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Reach out and read

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The Emory Department of Pediatrics Urban Health Program got a boost of support from a group of big kids to help further its mission about the importance of early childhood literacy.

This week, sophomore students from North Carolina’s Elon University participated in a "Big Kid" reading event at various locations in Atlanta including M. Agnes Jones and Frank Lebby Stanton Elementary Schools.  The event is part of Reach Out and Read, a national early literacy program in which pediatricians distribute age appropriate books at well-child visits to encourage the value of reading. 

The students from Elon University are recipients of the Watson-Odyssey Scholarship, which requires a community service project focusing on youth and literacy. Many represent first generation college students for their families and embody the famous quote by Dr. Seuss, "The more that you read, the more things you will know. The more that you learn, the more places you'll go."

"Education is a direct predictor of health," says Veda Johnson, MD, executive director of Emory’s Urban Health Program.  "Education begins with laying a foundation for learning through the advancement of early childhood literacy. We cannot over emphasize the importance of reading aloud to our children and what that means for their academic success.  We live in a time when fewer than half of parents in the United States read to their young children daily."

Minority and low-income children are less likely to be read to every day than their non-minority and higher income peers because parents often lack resources to buy new books or have access to libraries. As a result many children from low-income families enter kindergarten with a listening vocabulary of 3,000 words, while children of middle/upper-income families enter school with a listening vocabulary of 20,000 words. Experts say proficiency in reading by the end of third grade is a crucial marker in a child's educational development. Reach Out and Read is an evidence-based early literacy and school readiness intervention.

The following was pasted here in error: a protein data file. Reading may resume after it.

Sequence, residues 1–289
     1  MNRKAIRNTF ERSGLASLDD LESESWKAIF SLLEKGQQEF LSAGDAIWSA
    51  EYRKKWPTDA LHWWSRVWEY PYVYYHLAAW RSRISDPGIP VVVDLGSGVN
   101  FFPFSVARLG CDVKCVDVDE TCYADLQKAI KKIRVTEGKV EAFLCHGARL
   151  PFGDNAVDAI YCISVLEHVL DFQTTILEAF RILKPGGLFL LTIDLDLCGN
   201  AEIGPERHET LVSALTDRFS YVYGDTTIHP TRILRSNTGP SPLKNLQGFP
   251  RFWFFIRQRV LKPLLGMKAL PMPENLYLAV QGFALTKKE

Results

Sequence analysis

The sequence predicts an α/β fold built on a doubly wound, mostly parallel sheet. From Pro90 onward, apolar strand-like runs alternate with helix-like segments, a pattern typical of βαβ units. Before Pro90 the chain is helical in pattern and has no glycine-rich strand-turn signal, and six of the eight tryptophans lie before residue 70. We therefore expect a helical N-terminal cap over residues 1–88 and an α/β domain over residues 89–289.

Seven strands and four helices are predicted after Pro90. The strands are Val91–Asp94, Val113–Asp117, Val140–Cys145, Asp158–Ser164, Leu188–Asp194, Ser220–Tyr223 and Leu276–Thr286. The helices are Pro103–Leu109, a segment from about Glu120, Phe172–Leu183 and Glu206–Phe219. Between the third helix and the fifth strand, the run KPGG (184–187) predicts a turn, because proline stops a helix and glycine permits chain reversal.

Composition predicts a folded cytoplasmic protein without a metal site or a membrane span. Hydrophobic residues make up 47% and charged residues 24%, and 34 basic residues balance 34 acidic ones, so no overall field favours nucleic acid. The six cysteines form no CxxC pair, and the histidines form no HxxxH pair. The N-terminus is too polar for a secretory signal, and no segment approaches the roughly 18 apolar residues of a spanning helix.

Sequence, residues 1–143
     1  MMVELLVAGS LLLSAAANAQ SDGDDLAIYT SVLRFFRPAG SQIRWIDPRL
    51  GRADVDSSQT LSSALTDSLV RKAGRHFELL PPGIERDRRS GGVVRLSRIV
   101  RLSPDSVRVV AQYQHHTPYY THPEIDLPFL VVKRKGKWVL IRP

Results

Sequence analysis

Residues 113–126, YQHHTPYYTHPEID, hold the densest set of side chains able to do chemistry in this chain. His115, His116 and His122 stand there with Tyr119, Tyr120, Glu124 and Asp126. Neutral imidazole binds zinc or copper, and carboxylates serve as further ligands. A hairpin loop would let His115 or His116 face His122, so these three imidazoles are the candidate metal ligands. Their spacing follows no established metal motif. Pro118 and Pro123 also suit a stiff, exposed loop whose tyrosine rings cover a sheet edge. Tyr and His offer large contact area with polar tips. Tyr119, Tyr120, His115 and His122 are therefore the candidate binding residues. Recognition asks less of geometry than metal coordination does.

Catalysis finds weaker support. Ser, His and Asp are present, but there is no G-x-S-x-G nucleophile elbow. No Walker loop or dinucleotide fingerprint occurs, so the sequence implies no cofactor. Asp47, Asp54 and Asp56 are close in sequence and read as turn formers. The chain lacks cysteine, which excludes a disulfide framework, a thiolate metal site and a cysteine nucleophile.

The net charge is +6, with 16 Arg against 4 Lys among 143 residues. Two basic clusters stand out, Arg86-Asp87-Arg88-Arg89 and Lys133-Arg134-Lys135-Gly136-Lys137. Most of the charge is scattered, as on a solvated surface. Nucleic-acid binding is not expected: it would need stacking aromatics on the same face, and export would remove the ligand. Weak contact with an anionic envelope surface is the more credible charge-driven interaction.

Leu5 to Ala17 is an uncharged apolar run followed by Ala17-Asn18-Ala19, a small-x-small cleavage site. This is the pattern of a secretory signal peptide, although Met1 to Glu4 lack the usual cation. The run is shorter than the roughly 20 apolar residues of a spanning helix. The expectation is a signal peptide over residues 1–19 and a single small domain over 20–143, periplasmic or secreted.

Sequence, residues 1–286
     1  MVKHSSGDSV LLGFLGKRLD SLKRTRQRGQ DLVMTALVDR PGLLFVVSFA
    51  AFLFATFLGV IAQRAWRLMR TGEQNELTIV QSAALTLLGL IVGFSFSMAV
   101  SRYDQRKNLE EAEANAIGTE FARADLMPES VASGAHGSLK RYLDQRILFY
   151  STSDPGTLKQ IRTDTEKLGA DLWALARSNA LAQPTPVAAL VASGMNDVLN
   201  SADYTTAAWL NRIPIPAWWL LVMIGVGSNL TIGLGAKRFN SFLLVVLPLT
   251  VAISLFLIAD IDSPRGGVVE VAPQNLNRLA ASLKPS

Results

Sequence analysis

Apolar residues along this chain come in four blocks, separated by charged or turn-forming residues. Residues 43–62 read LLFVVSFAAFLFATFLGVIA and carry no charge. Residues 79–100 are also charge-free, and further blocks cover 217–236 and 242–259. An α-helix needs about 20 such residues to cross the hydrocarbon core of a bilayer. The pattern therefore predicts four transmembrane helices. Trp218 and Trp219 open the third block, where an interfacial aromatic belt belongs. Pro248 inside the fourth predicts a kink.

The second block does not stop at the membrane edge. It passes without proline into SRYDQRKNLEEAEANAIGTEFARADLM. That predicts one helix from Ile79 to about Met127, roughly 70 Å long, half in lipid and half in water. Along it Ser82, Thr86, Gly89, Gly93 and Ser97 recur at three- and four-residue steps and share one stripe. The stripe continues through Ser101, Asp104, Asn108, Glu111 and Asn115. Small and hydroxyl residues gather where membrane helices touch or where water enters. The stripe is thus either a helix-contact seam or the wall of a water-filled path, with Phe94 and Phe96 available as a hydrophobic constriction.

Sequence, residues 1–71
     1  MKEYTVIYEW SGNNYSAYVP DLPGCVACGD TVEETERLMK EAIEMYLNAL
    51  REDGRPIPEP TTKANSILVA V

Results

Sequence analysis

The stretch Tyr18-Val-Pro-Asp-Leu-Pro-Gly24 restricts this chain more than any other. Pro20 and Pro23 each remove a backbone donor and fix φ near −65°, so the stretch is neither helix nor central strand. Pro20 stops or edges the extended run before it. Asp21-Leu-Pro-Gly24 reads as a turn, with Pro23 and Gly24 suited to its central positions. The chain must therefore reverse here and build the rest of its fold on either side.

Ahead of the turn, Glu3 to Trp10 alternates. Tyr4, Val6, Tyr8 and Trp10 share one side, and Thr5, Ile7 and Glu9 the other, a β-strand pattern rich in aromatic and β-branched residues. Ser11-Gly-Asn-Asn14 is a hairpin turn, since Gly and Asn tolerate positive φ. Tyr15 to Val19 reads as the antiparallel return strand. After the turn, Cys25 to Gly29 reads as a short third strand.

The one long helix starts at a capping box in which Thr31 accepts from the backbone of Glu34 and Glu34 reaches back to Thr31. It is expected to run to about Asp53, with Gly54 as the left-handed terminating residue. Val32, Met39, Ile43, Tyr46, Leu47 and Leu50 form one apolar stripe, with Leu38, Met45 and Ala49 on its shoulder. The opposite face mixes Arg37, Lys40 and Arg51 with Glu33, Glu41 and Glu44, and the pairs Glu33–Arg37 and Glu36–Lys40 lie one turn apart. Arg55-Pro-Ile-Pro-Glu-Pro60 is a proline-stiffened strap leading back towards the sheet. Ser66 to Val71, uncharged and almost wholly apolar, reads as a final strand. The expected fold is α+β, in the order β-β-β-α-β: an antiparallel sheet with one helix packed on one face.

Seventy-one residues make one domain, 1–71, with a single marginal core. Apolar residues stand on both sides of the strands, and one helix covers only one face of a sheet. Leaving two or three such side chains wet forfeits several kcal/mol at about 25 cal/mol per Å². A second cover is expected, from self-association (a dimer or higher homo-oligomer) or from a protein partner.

"Reading aloud not only stimulates language development - it also builds motivation, curiosity and memory cognition. We want to nurture a nation of readers," says Johnson. "Our goal is to cultivate an environment of reading by giving every child between the ages of six months and five years in our primary care clinic a new, developmentally-appropriate children's book to take home and keep." 

Reach Out and Read began more than two decades ago in Boston as a simple solution to an obvious problem - waiting rooms without books. Reading aloud was important for young children, and pediatricians had a special opportunity to reach their parents during wellness visits. Most children see their pediatrician at least 10 times between the ages of 6 months to five years of age.

Each year, medical providers at the nearly 5,000 Reach Out and Read program sites nationwide distribute 6.5 million books to children and provide invaluable literacy advice to parents.

About the Urban Health Program

The Urban Health Program of the Department of Pediatrics in Emory University School of Medicine aims to eliminate health disparities ensuring that all Georgia children are happy, healthy and productive members of society. It enhances the health and well-being of Georgia's underserved children by:

  • Expanding the number of School-Based Health Clinics in the State of Georgia.
  • Creating a family-centered model for comprehensive primary care Services for urban children.
  • Developing innovative programs that link healthcare, education and community services.
  • Training future pediatricians to provide medical care that addresses the social determinants of health.

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